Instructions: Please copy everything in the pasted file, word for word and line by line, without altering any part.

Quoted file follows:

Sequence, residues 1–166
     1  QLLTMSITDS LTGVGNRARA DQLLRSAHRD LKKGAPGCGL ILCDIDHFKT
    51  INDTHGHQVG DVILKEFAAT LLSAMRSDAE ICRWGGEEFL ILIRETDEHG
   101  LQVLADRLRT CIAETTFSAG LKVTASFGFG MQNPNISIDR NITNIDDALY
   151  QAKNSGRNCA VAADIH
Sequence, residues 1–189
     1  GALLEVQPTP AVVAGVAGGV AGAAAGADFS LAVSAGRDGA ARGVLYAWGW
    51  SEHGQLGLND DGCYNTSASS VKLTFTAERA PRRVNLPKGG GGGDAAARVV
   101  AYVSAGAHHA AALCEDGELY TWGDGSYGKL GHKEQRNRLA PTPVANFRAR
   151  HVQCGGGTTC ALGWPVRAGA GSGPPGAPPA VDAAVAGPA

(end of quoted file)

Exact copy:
Sequence, residues 1–166
     1  QLLTMSITDS LTGVGNRARA DQLLRSAHRD LKKGAPGCGL ILCDIDHFKT
    51  INDTHGHQVG DVILKEFAAT LLSAMRSDAE ICRWGGEEFL ILIRETDEHG
   101  LQVLADRLRT CIAETTFSAG LKVTASFGFG MQNPNISIDR NITNIDDALY
   151  QAKNSGRNCA VAADIH
Sequence, residues 1–189
     1  GALLEVQPTP AVVAGVAGGV AGAAAGADFS LAVSAGRDGA ARGVLYAWGW
    51  SEHGQLGLND DGCYNTSASS VKLTFTAERA PRRVNLPKGG GGGDAAARVV
   101  AYVSAGAHHA AALCEDGELY TWGDGSYGKL GHKEQRNRLA PTPVANFRAR
   151  HVQCGGGTTC ALGWPVRAGA GSGPPGAPPA VDAAVAGPA